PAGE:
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Kenrokuen

Kenrokuen

Photo (c) Shizuko Mishima
Beautiful gardens are located in castles, temples, shrines, parks, and more places all over in Japan. Traditional Japanese garden designs include Karesansui (dry landscape gardens), Chaniwa (tea gardens), Kaiyu-shiki (strolling gardens), and so on. Here are the three greatest landscape gardens in Japan. They are known as Daimyo (feudal lords) gardens.

Koraku-en Garden
Address: 1-5 Korakuen Kita-ku Okayama-city, Okayama
Access: 25 minute walk from JR Okayama Station or 10 minutes by taxi from JR Okayama Station

Korakuen was built over 300 years ago by feudal lords of Okayama. The park features many sakura trees, plum trees, Japanese maple trees, ponds, tea houses, noh stage, and more. Okayama Castle is located next to the garden.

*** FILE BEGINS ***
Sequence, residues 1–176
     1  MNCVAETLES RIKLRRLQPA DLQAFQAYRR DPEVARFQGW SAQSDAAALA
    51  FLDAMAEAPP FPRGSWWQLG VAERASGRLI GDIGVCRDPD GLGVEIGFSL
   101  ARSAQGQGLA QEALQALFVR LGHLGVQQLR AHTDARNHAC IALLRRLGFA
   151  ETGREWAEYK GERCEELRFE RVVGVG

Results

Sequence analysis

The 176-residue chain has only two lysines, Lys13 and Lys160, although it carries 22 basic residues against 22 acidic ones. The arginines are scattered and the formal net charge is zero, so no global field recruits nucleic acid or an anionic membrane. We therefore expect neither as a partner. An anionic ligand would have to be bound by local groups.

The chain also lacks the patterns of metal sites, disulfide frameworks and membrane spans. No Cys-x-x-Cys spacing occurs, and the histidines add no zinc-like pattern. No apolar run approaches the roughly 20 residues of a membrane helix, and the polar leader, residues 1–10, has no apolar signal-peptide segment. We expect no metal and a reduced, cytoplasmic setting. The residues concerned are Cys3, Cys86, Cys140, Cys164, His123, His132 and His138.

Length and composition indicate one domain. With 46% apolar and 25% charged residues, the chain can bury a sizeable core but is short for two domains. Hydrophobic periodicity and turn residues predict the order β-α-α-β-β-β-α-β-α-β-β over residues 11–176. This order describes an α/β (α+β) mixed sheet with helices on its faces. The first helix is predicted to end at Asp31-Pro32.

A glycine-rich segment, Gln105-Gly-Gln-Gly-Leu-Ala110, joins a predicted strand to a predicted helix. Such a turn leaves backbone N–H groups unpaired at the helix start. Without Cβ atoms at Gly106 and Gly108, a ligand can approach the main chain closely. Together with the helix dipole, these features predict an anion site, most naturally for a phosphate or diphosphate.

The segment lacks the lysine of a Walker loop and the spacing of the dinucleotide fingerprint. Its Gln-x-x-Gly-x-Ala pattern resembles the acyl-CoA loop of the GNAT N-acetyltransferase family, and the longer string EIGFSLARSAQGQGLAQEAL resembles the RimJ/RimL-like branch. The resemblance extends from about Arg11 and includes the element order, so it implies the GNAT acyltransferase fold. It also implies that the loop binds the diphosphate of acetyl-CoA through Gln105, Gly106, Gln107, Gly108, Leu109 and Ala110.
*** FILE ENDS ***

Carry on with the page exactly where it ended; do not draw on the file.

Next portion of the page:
Kenroku-en Garden
Location: 1-4 Kenroku-machi Kanazawa-city, Ishikawa
Access: Take a bus from JR Kanazawa Station to Kenrokuen-shita bus stop.

It's said that the origin of Kenrokuen garden goes back to the 17th century and was built by successive lords of Kaga province. There are ponds, stone lanterns, tea house, and more in the large area. It offers beautiful scenes each season. Cherry blossoms and fall leaves in Kenroku-en garden attract many visitors. During the winter, trees in the garden are supported by ropes to prevent branches from being damaged by snow.

Kairaku- en Garden
Address: 1-3-3 Tokiwa-cho Mito-city, Ibaraki
Access: 15 minute bus ride to Kairaku-en from JR Mito Station

There are more than 3,000 ume plum trees in the garden, and beautiful flowers attract many visitors during its annual ume matsuri in early spring.

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